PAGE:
Is the title of an article I read today. While I don't claim to understand all the nuances of gender or sexuality, I really appreciate this father's approach in how he's raising his child. Especially given his background, his lack of exposure. He has one up on me since his family wasn't negative about different choices. It's difficult to learn that on your own, and mistakes are part of the process (so, if I'm making any in this post, please refrain from nailing me to the wall. Constructive correction is most welcome).

I grew up in a sports-oriented family. My father was a high school football and baseball coach and my mother was a professional surfer. I had one brother. Growing up, I don’t remember homosexuality or gender being discussed in my house. No negative talk. No positive talk. No talk about it at all.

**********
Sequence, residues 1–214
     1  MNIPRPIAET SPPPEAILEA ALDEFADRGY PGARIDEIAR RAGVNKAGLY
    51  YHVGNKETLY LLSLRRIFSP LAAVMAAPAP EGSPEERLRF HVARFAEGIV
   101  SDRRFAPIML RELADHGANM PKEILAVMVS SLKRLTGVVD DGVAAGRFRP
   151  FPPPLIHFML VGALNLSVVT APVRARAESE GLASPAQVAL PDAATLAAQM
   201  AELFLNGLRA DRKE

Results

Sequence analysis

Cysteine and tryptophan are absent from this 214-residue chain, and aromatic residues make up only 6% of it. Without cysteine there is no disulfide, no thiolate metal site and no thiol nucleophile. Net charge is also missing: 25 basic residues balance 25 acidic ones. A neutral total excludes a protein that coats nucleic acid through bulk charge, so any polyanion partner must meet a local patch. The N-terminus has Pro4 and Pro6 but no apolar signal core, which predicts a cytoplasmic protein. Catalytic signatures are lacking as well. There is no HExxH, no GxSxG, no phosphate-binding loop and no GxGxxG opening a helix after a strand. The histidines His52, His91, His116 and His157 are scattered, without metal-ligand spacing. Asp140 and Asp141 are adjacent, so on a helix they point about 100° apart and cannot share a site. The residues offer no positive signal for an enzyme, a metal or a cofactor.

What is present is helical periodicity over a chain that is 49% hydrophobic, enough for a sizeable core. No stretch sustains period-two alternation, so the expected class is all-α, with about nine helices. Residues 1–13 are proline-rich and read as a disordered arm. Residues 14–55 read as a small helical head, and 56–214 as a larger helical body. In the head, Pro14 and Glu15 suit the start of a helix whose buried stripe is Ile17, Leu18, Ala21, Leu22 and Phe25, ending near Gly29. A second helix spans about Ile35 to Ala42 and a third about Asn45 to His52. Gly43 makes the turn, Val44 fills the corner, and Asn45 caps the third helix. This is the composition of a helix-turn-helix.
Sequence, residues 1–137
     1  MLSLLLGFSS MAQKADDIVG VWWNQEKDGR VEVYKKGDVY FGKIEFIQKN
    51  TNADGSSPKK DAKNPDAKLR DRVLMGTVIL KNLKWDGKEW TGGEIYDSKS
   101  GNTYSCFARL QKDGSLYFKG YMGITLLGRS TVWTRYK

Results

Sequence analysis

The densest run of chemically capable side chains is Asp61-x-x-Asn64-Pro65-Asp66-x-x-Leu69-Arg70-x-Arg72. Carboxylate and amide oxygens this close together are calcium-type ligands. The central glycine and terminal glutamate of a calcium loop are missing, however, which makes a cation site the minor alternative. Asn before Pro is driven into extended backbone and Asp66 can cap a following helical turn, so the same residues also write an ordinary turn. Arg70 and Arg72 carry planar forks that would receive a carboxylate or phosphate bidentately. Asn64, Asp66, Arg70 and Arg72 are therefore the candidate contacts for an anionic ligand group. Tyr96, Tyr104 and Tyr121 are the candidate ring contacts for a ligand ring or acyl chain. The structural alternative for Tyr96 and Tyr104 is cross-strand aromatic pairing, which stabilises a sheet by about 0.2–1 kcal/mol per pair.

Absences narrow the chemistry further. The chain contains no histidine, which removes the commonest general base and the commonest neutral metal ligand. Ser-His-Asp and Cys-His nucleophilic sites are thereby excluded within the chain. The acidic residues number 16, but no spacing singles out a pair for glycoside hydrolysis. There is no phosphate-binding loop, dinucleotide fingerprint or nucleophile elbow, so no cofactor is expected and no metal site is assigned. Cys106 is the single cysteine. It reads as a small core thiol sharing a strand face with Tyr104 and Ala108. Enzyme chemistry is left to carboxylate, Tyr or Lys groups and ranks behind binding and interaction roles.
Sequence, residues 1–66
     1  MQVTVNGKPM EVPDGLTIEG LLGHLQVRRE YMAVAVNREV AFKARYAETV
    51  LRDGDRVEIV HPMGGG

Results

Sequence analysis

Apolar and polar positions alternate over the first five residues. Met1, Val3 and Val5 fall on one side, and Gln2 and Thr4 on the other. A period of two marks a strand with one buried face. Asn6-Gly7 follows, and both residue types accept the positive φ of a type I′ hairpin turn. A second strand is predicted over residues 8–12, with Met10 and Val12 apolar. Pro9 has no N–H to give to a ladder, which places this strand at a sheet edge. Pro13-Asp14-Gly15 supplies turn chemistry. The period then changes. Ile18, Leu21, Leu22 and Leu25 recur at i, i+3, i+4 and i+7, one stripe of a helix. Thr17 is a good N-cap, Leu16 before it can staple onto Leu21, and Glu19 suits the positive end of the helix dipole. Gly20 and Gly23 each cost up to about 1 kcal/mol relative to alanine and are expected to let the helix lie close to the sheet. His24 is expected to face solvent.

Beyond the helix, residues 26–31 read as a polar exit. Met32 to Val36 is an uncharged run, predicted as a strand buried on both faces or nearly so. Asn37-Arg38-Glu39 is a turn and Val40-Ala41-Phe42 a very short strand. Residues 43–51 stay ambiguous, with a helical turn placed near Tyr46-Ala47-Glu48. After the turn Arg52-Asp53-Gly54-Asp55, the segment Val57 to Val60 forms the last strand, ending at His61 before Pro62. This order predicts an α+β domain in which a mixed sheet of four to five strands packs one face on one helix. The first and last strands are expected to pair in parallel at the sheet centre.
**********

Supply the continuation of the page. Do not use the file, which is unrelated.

I think it's his willingness to be accepting and loving no matter what that really gave me a thunk in the heart. While none of my children have explicitly stated their gender or sexuality preferences, I know that I am open to them, however they are. I wish I could say the same about their fathers (yes, different dads, somebody call Maury).

I especially liked this—

Here’s the thing. When you use those words as a way to degrade or get the upper hand on someone, you are implying that to be a man who is gay or effeminate is to be “lesser than.” Now, when I hear those words, I feel like you are calling my son and people like him “lesser than.” I won’t stand for that. Get a dictionary. Learn some new words.

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If only more people could get on the same page. Being open to possibility and allowing children to grow into who they are instead of who we think they should be, well, that would be the bee's knees.

Photo from My Princess Boy. What a cutie!